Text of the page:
Sunday, July 21, 2024

European Union – Energy Law

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The European Commission warned in September 2022 that
“the next winters – not just this one – will be
difficult, make no mistake about that”.1 In this
article, Joe Perkins 2 and Clemence Rainaut review the
various interventions governments made to support households and
businesses. Future energy support schemes should better meet the
twin objectives of providing support for essential use,
particularly by vulnerable groups, and maintaining effective
signals for reducing demand over time.


In the short term, prices play two central roles in the
operation of a market:3

  • First, they affect the distribution of surplus between the
    sellers of a good and its consumers. Other things equal, when
    prices rise, suppliers receive more of the surplus, and consumers

  • Second, they help to balance supply and demand within a market.
    Higher prices tend to increase supply and reduce demand, while
    lower prices have the opposite impact.

If the first role of prices has been central to recent
discussions of energy market dynamics in Europe, the second role of
prices, in balancing supply and demand in a market, has been
largely overlooked. We discuss in this article how this could make
interventions significantly less effective, or much more expensive,
than would otherwise be the case.

Responding to high energy prices

There has been an unprecedented increase in energy prices since
2020. Most European countries rely heavily on gas, which is the
primary driver of the recent power price increase. This is because
gas-fired power stations are typically the marginal generators of
electricity, so their production costs drive power prices. In
Europe, third-quarter 2022 Dutch gas prices (TTF) were more than
eight times their five-year average. Asian spot liquefied natural
gas (LNG) prices rose in Q3 2022 to their highest quarterly level
on record (Figure 1). In Europe and Asia, forward curves as of the
end of September 2022 expected prices to remain at high levels in

Figure 1: Main spot and forward natural gas prices,

Source: IEA, Gas Market Report, Q-4 2022

In these circumstances, governments across Europe have
intervened to reduce the impact of energy price rises on households
and businesses. Higher energy prices can have dramatic effects on
consumers’ disposable incomes and well-being. Moreover, poorer
households tend to spend a greater proportion of their incomes on
energy than richer ones, making impacts on the poorest groups
particularly severe. Governments’ concerns have also grown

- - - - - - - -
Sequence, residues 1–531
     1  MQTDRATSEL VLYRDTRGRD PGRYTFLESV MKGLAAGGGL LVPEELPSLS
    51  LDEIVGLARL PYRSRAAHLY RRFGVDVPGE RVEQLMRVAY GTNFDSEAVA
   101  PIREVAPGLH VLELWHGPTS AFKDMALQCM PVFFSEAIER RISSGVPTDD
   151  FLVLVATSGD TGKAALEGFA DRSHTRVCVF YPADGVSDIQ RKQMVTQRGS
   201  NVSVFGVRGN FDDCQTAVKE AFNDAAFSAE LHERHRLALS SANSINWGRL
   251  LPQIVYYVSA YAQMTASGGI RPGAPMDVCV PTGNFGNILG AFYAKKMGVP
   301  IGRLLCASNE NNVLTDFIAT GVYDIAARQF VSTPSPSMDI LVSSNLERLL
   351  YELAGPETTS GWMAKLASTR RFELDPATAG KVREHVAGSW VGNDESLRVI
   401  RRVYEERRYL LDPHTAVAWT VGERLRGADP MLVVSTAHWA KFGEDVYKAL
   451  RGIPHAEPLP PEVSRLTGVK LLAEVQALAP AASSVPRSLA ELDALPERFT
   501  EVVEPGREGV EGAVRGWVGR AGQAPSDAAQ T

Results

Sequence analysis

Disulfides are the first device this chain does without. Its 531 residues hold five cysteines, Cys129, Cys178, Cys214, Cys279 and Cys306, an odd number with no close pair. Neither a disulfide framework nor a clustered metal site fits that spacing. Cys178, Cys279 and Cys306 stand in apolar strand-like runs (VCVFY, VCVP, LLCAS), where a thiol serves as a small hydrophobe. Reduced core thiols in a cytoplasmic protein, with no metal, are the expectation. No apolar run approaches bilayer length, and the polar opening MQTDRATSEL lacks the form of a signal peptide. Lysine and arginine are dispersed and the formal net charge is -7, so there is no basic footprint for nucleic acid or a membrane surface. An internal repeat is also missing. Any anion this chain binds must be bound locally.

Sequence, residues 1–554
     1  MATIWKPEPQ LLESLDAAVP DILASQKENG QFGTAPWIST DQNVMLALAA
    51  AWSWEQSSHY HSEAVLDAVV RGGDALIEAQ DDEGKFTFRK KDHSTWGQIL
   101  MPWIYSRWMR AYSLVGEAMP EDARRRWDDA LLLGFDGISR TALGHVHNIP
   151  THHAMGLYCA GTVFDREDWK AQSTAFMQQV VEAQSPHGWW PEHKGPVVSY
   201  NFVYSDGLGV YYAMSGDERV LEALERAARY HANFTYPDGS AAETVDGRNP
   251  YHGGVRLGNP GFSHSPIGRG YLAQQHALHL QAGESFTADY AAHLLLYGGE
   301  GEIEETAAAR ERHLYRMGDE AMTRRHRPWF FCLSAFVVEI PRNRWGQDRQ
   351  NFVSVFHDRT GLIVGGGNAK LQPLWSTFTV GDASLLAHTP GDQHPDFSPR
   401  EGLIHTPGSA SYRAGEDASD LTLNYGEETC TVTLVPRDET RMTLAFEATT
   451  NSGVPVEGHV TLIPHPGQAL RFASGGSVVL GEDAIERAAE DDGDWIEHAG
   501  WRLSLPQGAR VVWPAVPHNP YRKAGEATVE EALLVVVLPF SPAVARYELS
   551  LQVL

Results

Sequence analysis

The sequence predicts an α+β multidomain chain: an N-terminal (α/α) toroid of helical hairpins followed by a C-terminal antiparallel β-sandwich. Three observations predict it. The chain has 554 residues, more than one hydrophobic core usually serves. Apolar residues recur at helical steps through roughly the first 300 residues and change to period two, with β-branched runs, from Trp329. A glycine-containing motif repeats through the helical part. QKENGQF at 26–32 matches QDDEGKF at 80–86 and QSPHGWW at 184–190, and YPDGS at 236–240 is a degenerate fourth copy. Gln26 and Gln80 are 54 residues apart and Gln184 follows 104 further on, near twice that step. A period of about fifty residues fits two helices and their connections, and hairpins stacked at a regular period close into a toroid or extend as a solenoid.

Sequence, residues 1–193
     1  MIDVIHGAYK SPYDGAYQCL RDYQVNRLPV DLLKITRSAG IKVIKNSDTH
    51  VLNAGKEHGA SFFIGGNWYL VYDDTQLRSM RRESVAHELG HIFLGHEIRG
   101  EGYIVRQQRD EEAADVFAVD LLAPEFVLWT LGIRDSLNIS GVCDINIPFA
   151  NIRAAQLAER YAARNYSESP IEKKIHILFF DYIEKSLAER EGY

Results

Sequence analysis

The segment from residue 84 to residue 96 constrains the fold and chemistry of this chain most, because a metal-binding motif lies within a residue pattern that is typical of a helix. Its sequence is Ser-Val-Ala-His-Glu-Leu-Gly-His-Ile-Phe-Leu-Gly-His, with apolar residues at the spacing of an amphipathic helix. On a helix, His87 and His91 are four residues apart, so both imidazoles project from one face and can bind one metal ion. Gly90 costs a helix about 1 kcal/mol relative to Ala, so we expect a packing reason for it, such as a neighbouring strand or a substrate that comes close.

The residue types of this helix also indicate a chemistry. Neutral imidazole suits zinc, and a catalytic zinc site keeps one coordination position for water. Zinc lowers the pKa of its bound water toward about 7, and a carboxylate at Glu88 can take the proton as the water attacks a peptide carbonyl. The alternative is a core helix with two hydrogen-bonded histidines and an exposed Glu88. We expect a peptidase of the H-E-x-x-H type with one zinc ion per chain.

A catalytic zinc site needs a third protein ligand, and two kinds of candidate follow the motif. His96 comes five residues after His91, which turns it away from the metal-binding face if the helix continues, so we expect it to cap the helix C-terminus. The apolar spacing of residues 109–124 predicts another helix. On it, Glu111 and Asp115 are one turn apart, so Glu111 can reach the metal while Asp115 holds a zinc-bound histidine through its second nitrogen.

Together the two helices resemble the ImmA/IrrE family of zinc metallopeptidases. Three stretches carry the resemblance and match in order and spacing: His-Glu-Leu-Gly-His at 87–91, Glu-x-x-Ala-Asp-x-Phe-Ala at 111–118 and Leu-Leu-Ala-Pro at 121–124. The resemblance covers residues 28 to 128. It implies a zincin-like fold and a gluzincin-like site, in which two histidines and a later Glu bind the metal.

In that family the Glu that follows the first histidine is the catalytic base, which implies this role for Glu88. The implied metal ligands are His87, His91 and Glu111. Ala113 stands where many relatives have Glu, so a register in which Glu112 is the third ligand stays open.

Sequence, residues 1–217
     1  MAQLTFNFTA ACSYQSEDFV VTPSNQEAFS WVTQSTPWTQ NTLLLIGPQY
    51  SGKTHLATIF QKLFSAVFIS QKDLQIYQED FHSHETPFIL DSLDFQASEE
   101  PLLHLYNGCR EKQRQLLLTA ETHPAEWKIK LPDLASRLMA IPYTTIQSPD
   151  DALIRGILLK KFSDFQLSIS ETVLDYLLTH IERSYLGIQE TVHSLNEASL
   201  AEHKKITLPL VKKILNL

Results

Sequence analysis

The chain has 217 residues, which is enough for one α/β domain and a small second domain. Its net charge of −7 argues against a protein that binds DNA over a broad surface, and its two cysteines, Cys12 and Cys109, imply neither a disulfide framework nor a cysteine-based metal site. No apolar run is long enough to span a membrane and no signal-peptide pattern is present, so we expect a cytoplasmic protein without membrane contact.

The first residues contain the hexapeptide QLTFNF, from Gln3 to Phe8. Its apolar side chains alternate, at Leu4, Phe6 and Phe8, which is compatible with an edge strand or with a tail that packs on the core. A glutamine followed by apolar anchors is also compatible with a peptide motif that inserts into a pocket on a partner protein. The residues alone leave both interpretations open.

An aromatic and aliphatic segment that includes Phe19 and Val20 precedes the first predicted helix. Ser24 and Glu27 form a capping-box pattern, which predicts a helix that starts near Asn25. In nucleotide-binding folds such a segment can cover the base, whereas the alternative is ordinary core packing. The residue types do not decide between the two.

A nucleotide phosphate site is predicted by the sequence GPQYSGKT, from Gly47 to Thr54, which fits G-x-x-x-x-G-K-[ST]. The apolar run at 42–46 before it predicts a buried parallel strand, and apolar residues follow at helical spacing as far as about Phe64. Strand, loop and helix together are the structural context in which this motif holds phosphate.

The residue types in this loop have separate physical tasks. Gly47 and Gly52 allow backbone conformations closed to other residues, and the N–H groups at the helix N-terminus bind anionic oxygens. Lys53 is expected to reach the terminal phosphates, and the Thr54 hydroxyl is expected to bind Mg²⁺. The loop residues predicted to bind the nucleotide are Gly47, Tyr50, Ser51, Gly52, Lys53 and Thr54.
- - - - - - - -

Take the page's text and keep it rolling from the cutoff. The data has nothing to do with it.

about small businesses and about inflation, which has exceeded 10%
for the first time in decades in several European

While there has been some moderation in prices recently, the
supply disruption following Russia’s invasion of Ukraine is
likely to last. The European Commission warned in September 2022
that “the next winters – not just this one – will
be difficult, make no mistake about that”.5

It is therefore important to review the various interventions
governments have made to support households and businesses. Their
efficacy varies. As do their secondary effects, including on the
price of energy and the costs faced by government. There are likely
to be ongoing challenges in coming winters to ensure that support
schemes are well prepared to cover core consumption, especially for
vulnerable consumers, while allowing price mechanisms to help
balance supply and demand.

The effects of a supply reduction

It is helpful first to consider the effects of a negative shock
to energy supply on prices and profits, without intervention.
Figure 2 illustrates the relationship between prices and quantities
in an energy market. The curve S1 shows the supply curve
before a shock; this aggregates the short-term marginal costs of
energy suppliers. The curve S2 represents the supply
curve after a negative shock, such as a cut-off in Russian supplies
of gas. For any given price of energy, there is less supply
available. The curve D represents the demand of energy

Figure 2: The effects of a supply reduction


Both supply curves are upward sloping – production
increases as prices increase – while the demand curve is
downward sloping, because consumers reduce their demand at higher
prices. However, demand and supply curves are quite steeply sloped.
This is due to the expectation that energy supply and demand are
relatively inelastic in the short term. Energy producers cannot
quickly increase their production levels, while many energy
consumers cannot reduce their demand without significant